NASA's Plan For A 2024 Moon Landing Just Got Way Less Likely

Vice President Mike Pence first proposed the idea in March.

NASA's proposal to land astronauts on the moon by 2024 faces a 58% funding shortfall in the federal spending bill passed in the House of Representatives on Tuesday, kneecapping space agency plans for a sprint back to the lunar surface.

As part of NASA's larger $22.6 billion budget, lawmakers cut the $1.4 billion the space agency had requested to build a lunar lander down to $600 million. The shortfall complicates plans to land NASA astronauts on the lunar surface by 2024, an idea first proposed by Vice President Mike Pence in March.

The NASA budget includes almost exactly the same amount of money as the administration requested, noted Space Policy Online, "but with different priorities than the Trump Administration. Landing astronauts on the Moon by 2024 does not seem to be one of them." In congressional testimony this summer, NASA administrator Jim Bridenstine said not receiving funding for a lunar lander would be devastating to the moon landing mission called Artemis, which would land the first woman astronaut on the moon.

"It's not dead, but it is in critical condition," space policy expert John Logsdon of George Washington University told BuzzFeed News. "You can't land on the moon without a lander."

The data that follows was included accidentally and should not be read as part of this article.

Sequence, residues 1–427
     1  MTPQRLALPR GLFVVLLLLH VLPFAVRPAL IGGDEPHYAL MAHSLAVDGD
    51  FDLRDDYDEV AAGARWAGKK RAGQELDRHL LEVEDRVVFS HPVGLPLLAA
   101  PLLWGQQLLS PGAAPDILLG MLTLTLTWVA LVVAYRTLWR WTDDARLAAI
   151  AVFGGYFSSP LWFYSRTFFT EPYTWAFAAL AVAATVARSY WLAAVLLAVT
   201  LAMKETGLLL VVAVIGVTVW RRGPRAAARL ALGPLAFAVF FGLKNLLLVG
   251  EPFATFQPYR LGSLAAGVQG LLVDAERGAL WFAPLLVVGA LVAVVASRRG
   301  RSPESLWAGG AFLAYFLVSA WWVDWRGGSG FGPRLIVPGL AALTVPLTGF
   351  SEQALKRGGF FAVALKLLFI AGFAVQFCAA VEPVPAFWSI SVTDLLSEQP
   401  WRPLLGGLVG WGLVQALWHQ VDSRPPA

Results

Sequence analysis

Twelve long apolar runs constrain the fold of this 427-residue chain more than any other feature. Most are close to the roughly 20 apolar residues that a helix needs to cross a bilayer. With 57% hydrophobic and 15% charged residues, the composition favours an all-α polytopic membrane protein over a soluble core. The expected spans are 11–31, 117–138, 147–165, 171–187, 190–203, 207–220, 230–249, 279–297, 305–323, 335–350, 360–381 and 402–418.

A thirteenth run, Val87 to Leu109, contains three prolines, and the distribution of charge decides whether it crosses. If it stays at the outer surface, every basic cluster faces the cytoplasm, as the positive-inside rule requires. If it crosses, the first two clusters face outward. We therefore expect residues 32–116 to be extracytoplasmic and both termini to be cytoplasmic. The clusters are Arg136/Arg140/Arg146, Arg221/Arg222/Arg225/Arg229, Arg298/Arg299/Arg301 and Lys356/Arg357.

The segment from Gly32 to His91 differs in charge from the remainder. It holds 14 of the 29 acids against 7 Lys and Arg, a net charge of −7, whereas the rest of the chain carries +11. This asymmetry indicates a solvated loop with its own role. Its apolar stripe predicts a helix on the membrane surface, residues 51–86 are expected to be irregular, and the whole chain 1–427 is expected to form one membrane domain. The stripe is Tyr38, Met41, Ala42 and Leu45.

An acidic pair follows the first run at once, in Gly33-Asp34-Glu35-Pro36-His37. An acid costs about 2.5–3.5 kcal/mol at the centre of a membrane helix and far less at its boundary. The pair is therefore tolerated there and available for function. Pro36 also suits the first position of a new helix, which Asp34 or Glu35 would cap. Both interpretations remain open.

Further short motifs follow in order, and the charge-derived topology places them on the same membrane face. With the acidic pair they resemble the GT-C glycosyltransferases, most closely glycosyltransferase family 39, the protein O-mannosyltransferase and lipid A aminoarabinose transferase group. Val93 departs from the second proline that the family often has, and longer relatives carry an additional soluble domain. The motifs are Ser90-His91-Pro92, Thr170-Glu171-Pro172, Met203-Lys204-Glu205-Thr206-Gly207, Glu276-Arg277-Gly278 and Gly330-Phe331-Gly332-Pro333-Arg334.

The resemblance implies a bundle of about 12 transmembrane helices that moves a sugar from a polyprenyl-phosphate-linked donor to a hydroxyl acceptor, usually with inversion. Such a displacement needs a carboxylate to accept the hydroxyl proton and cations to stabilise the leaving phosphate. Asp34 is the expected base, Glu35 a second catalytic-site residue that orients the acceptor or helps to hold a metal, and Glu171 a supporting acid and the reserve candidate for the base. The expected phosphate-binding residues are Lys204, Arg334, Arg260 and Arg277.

In May, President Trump had tweeted support for Artemis, estimated to cost from $20 billion to $30 billion. But he also undercut that message in a June tweet saying NASA "should NOT be talking about going to the Moon - We did that 50 years ago."

For all of the money we are spending, NASA should NOT be talking about going to the Moon - We did that 50 years ago. They should be focused on the much bigger things we are doing, including Mars (of which the Moon is a part), Defense and Science!

According to the budget, which still awaits expected passage by the US Senate and a signature from Trump, only 40% of the approved money for a lunar landing and orbiting lunar station could be spent by NASA until it submits a detailed budget for Artemis to Congress in February. Bridenstine promised to provide such details in testimony to Congress in October.

At that hearing, NASA spending committee chair Rep. José Serrano of New York expressed little interest in funding a moon landing driven by political election cycles instead of "looking out for the guy and the woman who are paying rent ... having trouble paying their mortgage."

The overall NASA budget number is a 5.3% increase for the space agency. But the budget also requires NASA to rely on expensive Space Launch System (SLS) rockets, costing more than an estimated $2 billion per launch, to build a planned orbiting "Gateway" way station in lunar orbit. Commercial rockets described in earlier plans are much cheaper.

Even if the 2024 landing doesn't come to pass, NASA will be building the infrastructure to support moon landings and other deep space missions, Logsdon said. The space agency may turn to raiding funding from planned robotic precursor landings on the moon, the Commercial Lunar Payload Services (CLPS) initiative, to steer money toward building an astronaut moon lander in the meantime.

"The space agency is trying very hard to follow the direction the vice president gave them," said Logsdon. "The only real problem is the arbitrariness of the 2024 date."


The post was updated to reflect that the budget bill has passed through the House of Representatives and is awaiting passage in the Senate.

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